- If your summary is a digital document, you should hyperlink each point in the table of contents to the matching heading or section.
3. Business Overview
A short overview of your business is the next section to include in your executive summary.
Your business overview should be focused, to the point, and clearly highlight the overall business along with any key points.
Leave out any in-depth details and numbers, the reader can refer to your full business plan if they wish to learn more about the business.
Your business overview or introduction should not be more than a single paragraph.
- Include a short business timeline, inclusive of the pre-operation activities.
- Your overview should include your relevant industry and core operations.
- Outlining your business objective in a concise manner is also a good practice.
4. Executive Summary Body
The body is the most difficult section to tackle when learning how to write an executive summary. This part should focus on the core points of your business keeping in mind the questions touched on earlier.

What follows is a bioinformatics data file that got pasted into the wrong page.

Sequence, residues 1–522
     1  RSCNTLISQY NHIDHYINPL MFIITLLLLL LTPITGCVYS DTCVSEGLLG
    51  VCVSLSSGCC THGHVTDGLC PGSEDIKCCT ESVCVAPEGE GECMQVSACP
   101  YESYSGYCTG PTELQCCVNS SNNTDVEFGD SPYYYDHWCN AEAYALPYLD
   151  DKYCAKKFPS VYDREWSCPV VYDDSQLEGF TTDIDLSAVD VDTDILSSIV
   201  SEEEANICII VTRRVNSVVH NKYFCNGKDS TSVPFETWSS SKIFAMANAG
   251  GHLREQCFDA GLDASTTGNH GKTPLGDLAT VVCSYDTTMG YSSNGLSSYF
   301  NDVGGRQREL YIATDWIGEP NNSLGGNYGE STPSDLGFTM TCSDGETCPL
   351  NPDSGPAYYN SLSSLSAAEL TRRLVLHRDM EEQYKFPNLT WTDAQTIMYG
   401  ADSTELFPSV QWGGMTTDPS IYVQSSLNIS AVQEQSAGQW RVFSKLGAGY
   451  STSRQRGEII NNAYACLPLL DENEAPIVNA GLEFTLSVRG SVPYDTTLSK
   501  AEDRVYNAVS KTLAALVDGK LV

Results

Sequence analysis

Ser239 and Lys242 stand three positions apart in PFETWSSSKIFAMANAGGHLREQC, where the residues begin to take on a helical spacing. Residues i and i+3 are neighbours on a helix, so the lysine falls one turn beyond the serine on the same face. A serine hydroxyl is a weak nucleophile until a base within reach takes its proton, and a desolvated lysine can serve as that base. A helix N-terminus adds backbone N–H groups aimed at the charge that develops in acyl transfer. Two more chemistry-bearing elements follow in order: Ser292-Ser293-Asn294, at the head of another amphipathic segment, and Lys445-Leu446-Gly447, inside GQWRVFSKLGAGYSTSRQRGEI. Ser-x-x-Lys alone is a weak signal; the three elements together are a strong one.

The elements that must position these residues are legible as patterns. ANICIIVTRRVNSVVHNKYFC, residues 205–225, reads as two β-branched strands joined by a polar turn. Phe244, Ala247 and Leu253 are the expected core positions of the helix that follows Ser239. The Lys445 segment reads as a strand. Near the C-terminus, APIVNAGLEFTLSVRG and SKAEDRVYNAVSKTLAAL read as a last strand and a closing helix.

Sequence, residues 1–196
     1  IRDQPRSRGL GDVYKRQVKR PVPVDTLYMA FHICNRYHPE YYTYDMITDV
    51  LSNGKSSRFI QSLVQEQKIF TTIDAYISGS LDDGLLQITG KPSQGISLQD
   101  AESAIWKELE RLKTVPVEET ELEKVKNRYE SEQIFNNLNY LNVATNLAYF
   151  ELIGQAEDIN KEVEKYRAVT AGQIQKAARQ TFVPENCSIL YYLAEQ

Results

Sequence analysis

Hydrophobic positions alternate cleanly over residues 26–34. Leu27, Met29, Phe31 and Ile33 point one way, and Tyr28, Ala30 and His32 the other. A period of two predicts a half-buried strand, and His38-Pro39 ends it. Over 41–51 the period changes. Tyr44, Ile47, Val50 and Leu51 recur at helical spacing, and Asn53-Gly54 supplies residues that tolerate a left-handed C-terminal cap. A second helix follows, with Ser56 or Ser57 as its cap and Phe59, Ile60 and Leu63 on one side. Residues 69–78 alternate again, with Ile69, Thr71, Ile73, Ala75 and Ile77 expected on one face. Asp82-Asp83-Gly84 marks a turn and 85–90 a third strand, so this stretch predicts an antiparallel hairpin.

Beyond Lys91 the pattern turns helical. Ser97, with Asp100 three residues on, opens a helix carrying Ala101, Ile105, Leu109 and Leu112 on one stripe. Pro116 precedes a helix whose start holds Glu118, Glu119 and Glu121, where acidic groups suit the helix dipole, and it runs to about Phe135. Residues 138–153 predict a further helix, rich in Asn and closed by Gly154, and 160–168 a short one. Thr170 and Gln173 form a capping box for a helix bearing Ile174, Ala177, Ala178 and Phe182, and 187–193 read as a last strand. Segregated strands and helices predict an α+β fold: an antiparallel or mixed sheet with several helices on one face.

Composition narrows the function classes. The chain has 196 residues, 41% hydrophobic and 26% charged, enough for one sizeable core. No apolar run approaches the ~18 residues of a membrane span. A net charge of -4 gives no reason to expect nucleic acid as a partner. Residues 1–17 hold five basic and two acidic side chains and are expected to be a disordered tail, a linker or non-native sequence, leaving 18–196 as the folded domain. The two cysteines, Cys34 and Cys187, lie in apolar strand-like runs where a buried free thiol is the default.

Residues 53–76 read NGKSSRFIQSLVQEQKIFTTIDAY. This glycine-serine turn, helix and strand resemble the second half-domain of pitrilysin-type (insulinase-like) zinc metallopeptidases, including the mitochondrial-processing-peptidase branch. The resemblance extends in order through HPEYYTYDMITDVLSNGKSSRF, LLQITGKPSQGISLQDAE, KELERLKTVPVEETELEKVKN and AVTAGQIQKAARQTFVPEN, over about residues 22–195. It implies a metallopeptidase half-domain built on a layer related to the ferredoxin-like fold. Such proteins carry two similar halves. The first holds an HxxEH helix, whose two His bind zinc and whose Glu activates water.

Your summary body should make up the bulk of your document, and essentially be a reduced version of your business plan.
Below we have outlined an easy to follow guide for this using questions to answer in each section.
The below format can be used in just about any industry, although it may need to be slightly adjusted.
In the summary body also be sure to include any potential roadblocks or issues you may face along with any proposed solutions.
Your elevator pitch: The start of your body can include your elevator pitch, driving home your business key mission and setting the tone for the information that follows.
What is the problem you are solving?: Continuing on from your elevator pitch, a clear problem your business will solve for your chosen market.
It’s important that you outline the problem and the current impact it is having on people.
The impact your solution will have: Now that we know the impact of the problem, you should highlight what positive impact your solution will have on the industry or market.